He loved Friends, after it was cool to love the show. He quoted Wayne’s World a decade after everyone had already forgotten about it. His house parties consisted of pizza and Coca-Cola, when everyone else was playing beer pong. And most of the time his attire consisted of a faded pair of jeans, cowboy boots, and a band t-shirt representing a favorite band of his or a souvenir from a concert he’d been to.
His shirts ranged from AC/DC, to The Rolling Stones, to Def Leppard, to Ozzy Osborne, to Led Zeppelin, among several others. Half the shirts he owned were of bands I didn’t know, and the other half I related to music my dad listened to.
After several weeks in class (an acting class we both publicly detested, but privately loved), Dorian and I became friends. We’d eat lunch together (outside the portable toilets) or loan DVDs to one another or hang out after school until that fateful day that I was deemed worthy of an invitation to his house.
I’m not sure I ever saw the inside of his home because Dorian spent most of his time in a detached garage, about ten yards from the house, that he turned into his own chateau of testosterone. It was everything a young pubescent male could dream of. He had his own pool table, a dart board, a TV, a leather recliner, a sound system, and eventually, just outside, his own built-in Jacuzzi. As fascinating as the garage was, it was the décor that caught my eye.
The walls were nearly all music-themed. He had posters of his favorite bands next to vinyl record album covers peppered all over the walls. Finally I was ready to start the conversation, and asked him about his taste in music.
He talked to me for hours about classic rock. Like me, he couldn’t stand modern music, but only because it couldn’t match the sound and quality of classic rock. No guitarists could shred like than Eddie Van Halen. No drummers could attack the kit like John Bonham. No songwriters that could match the poetry of David Bowie. No group had the showmanship of KISS. He spoke with such enthusiasm; it didn’t take much to convince me to look into this music of olde.
He made me a list of the bands I needed to check out. I went to a (now extinct) music store called the Warehouse and rummaged through bins upon bins of used CDs searching for bands on my list. It didn’t matter which albums they had, I hadn’t heard any of them. As long as they were cheap, all were fair game.
After an hour, I had a basket of CDs, all under $6.99. I left that day with Black Sabbath’s “Greatest Hits,” AC/DC’s “T.N.T.,” Def Leppard’s “Hysteria,” Van Halen’s “1984,” Aerosmith’s “Toys in the Attic,” Led Zeppelin’s “IV” (untitled, or “ZOSO” depending on who you ask), Foreigner’s “4,” Pink Floyd’s “Dark Side of the Moon,” and “Pack Up The Plantation” by Tom Petty and the Heartbreakers.
I didn’t know it at the time, but I had just walked out with a CD that would change the way I looked at music forever.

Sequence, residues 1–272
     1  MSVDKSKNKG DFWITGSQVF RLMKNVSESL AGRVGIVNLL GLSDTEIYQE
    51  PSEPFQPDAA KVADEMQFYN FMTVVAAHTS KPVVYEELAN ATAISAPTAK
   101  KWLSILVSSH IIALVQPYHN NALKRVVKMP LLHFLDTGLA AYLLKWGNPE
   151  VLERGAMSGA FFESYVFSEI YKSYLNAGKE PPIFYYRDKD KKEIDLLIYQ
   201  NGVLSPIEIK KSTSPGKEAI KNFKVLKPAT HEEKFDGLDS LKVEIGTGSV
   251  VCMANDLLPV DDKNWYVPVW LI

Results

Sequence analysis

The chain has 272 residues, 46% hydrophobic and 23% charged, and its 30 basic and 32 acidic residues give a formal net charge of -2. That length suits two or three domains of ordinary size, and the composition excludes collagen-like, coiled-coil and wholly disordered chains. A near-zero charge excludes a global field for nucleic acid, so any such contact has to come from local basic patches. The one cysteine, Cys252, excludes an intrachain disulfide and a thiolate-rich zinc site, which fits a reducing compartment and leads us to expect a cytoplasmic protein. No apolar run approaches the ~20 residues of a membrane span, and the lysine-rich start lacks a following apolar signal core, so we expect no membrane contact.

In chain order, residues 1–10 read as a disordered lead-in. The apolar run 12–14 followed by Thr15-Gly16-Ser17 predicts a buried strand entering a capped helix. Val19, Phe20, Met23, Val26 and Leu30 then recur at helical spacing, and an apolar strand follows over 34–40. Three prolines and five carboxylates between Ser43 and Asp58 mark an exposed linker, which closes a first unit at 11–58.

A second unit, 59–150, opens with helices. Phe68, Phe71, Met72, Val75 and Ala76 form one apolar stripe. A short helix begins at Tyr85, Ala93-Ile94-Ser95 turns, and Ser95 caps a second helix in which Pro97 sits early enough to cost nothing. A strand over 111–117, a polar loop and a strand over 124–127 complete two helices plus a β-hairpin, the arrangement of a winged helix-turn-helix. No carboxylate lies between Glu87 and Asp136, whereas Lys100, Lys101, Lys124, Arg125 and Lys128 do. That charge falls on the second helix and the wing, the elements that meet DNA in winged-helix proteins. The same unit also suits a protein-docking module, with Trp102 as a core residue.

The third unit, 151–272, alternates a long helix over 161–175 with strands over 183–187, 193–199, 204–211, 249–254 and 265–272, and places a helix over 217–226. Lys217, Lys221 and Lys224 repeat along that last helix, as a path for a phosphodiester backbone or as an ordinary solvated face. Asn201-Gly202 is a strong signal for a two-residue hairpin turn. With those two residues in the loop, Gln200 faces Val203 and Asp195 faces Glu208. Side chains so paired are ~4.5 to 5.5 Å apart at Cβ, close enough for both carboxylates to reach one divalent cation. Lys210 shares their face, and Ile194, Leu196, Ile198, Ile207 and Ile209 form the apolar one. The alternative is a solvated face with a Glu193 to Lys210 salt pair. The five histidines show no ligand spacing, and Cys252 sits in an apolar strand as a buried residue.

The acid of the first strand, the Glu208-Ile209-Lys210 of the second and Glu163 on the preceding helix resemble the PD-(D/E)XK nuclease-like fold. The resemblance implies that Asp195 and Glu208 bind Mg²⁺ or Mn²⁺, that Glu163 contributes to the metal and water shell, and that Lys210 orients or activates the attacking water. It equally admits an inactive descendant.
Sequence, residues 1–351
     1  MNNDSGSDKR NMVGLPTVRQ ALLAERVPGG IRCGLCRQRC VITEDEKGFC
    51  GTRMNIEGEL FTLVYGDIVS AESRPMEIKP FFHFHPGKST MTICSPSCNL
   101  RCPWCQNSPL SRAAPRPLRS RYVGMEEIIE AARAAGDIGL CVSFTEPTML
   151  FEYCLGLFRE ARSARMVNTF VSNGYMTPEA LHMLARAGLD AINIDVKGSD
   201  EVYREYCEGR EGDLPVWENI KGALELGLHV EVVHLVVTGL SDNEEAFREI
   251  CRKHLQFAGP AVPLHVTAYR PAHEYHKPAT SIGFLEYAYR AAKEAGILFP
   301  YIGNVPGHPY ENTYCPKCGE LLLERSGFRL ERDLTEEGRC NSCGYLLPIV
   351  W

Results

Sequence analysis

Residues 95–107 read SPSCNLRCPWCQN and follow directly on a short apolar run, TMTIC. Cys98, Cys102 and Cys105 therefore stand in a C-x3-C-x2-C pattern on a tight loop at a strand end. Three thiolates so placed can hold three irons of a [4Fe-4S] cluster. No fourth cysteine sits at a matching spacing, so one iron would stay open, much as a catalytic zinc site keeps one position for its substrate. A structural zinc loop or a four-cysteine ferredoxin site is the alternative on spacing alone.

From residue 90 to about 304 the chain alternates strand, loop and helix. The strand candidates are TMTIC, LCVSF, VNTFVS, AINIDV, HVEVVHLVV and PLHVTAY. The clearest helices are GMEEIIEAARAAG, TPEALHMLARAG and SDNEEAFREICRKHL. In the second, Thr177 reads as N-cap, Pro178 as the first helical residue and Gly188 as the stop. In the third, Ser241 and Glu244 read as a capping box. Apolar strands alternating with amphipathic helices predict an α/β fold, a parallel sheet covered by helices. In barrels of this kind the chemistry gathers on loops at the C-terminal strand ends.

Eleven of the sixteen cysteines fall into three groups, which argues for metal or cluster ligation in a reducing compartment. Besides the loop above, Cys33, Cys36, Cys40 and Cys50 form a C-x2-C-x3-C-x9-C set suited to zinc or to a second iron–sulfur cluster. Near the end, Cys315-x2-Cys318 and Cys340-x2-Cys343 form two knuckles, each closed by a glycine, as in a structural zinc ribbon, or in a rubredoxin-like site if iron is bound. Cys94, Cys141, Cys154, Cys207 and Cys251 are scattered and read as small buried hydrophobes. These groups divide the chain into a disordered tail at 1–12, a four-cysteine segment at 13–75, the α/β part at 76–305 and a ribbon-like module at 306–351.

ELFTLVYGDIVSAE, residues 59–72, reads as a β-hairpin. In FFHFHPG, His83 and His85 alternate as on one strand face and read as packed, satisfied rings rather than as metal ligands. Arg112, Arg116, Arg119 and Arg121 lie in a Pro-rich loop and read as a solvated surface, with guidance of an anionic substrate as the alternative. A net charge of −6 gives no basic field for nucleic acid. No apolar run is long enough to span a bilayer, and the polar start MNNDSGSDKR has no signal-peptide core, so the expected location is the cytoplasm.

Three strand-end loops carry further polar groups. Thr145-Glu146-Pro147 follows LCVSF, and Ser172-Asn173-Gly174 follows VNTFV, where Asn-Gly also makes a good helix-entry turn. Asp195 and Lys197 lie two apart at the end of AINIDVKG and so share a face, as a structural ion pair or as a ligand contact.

I began listening to the albums. I started with Aerosmith because they were still somewhat relevant and I was familiar with a few of their songs. My father was overjoyed that I now possessed music he’d listened to in high school. He advised me that I should never blast this music in my car, in fear that I would blow out my speakers (or eardrums), but if I ever felt the need to do so, I was allowed to blast Foreigner’s “Juke Box Hero” as loud as I wanted (something he’d done in his own car in high school).
I listened to three or four more albums before I got to Tom Petty. I inserted the disc and immediately heard a crowd roar as “So You Want To Be A Rock & Roll Star” began to play. I hadn’t realized I bought a live album, something I tried to shy away from. I’d never been to a concert at that point, and always thought the live versions of songs never sounded as crisp as the studio versions. I nearly turned off the CD, but I didn’t have another Tom Petty album to replace it with and decided to give it a chance.
The second song, “Needles and Pins”, a duet with Tom Petty and Stevie Nicks, didn’t hit as hard as the first song, so I gave it the standard thirty seconds we all do when judging a song, and skipped ahead. This is when everything changed. “The Waiting” is the third track on “Pack Up The Plantation” and it was everything.
It begins quite slow—not the same tempo for those familiar with the studio track from the “Hard Promises” album. Enter Tom Petty, solo, strumming a 12-string electric guitar. He begins to sing—the performance is quieter and more subdued than the studio version. He slowly builds using only the guitar, his voice and the intermittent claps of the crowd. As he commands the crowd, he builds the song up louder and louder. Then, Mike Campbell launches in with his guitar. Stan Lynch bursts through on the drums. Benmont Tench on keyboard and Howie Epstein on bass follow suit until finally, the song explodes into a fury of some of the best live classic rock I’ve ever heard. It wasn’t just music, it was poetry.